Making Friends on the Loneliest Road in America: Highway 50 in Nevada
The reputation of Highway 50: “It’s totally empty. There are no points of interest. We don’t recommend it.” (All photos: Bill Fink)
The Concept: Drive the length of “America’s Loneliest Road” to see just how lonely it is, both for a visitor and the locals.
The Route: 347 miles along Highway 50 straight through the middle of Nevada from Fernley to Baker. The negative: a little boring to stay on a single road. The positive: hard to get lost.
The Car: 2012 Toyota Prius. A sensible choice with fine mileage and capable of triple-digit speeds, but which looks a little out of place at a roadhouse filled with Harleys and rusty pickup trucks.
The Loneliness Scale: “10” for voices-in-the-head desert-mirage talking-to-cactus loneliness. “1” for a group hugging, kumbaya-singing, we-are-all-one Western hoedown.
Why so Lonely? In 1986, Life Magazine did a story on Highway 50, declaring it to be “America’s Loneliest Road,” The magazine quoted a local AAA motor rep as saying “”It’s totally empty. There are no points of interest. We don’t recommend it. We warn all motorists not to drive there unless they’re confident of their survival skills.”
Survival Skills: I brought three water bottles and a couple apples. Knowing I’d be out of cell-phone range I actually took a paper map and a hard-copy travel brochure with me. This is the part of the country where even the most optimistic wireless coverage maps shows as a big white blotch, sort of the modern equivalent of Darkest Africa.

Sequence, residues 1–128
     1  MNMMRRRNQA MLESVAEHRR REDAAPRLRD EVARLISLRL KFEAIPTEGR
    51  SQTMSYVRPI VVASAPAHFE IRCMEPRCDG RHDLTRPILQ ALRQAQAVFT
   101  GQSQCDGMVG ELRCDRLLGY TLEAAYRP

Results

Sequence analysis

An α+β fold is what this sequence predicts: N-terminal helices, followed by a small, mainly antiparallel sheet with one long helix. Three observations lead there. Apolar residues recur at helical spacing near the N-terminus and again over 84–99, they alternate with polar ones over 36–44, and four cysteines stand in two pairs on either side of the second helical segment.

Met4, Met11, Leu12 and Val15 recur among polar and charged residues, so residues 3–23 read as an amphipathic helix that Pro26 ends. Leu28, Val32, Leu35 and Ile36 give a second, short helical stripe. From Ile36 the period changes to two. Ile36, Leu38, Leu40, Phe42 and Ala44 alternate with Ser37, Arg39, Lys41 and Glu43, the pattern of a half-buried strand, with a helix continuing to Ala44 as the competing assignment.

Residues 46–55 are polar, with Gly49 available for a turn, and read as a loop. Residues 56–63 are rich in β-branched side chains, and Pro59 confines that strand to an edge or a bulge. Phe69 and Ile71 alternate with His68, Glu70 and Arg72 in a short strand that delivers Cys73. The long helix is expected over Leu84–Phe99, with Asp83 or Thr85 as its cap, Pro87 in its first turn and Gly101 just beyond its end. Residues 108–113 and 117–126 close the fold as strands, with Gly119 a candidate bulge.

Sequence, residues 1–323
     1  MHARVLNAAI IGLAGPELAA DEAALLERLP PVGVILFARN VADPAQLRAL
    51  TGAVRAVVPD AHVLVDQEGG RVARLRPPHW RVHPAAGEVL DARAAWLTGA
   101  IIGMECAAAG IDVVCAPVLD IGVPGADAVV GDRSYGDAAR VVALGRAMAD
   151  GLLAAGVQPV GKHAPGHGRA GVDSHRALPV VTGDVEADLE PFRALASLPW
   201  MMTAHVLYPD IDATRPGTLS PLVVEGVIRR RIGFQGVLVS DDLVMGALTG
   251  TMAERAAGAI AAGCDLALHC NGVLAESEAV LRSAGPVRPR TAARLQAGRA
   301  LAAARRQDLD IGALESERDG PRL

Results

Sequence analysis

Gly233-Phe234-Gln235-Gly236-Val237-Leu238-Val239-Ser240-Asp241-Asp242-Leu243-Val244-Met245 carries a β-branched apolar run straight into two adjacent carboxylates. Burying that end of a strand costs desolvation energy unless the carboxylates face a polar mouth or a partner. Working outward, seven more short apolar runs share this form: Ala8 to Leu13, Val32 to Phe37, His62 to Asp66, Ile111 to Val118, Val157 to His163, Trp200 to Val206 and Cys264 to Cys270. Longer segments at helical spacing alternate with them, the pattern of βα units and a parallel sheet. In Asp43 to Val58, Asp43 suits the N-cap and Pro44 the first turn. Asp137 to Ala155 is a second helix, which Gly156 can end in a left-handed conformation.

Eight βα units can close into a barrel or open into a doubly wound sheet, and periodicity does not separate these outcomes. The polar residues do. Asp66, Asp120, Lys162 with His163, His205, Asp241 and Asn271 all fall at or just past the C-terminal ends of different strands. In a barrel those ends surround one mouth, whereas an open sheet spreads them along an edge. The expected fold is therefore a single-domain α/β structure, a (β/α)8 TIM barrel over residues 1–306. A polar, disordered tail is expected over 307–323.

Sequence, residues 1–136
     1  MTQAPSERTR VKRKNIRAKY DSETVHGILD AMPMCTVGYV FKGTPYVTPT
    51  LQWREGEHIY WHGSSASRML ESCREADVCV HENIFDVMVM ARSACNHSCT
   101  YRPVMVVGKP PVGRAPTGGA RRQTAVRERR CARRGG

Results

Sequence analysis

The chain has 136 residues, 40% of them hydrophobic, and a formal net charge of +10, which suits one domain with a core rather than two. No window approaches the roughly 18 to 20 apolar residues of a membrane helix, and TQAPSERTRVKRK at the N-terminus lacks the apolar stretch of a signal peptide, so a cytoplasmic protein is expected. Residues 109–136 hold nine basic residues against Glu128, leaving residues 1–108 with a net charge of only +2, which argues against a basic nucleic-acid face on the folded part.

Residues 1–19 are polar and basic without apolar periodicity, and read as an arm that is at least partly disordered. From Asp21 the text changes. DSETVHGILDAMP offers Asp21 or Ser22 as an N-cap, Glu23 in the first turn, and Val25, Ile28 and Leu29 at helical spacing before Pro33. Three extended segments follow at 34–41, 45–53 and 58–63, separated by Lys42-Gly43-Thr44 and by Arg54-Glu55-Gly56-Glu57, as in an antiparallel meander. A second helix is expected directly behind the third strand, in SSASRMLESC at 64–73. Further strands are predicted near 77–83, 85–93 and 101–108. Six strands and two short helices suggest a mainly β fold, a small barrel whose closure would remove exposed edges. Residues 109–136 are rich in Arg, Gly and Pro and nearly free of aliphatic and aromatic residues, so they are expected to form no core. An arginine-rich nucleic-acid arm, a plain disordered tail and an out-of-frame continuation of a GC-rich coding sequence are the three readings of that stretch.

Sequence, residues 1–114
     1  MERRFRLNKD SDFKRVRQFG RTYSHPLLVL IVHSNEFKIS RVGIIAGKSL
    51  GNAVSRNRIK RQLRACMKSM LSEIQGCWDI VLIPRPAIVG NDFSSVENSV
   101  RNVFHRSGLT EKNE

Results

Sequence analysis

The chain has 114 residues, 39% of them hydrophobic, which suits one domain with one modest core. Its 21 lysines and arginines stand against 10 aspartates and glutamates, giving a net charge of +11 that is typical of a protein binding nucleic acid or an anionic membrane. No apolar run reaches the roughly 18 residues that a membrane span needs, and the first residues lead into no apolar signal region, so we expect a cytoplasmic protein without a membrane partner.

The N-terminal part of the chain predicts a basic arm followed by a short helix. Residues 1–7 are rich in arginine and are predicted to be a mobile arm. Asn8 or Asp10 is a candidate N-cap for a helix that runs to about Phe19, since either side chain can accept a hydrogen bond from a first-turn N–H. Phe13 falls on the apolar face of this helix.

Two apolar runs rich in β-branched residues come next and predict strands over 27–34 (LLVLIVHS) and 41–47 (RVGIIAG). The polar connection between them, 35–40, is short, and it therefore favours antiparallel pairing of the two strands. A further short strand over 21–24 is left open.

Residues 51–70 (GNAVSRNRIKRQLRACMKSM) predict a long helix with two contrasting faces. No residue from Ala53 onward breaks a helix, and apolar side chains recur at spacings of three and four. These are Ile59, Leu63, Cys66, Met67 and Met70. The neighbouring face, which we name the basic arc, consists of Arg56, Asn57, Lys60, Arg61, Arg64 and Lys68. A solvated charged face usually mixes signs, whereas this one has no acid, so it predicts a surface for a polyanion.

Checking out some ropin’ in Fernley.
The Launch—Fernley: My trip begins near the city of Fernley, at the sun-blasted corner of I-80 and Hwy 50. Next to the corner is a parking lot packed with trailers, camper vans, people, horses, and cattle. Despite having traveled .1 miles on my journey, it seems like something worth investigating. Turns out I’ve stumbled onto an event in the National Roping Tour. Or as I discover, it is always pronounced: “Ropin’”
As I take some photos, a cowboy leans in to say howdy. Wes Scolari, originally from Fallon (my next stop on the highway), has driven with his horse down from Idaho to join the semi-pro competition. I ask him if he’s lonely. He finds this pretty funny. “Hell, me and these guys,” he gestures to the 80+ hatted fellows on horseback around us, “we’ve been around each other for who knows how many years.”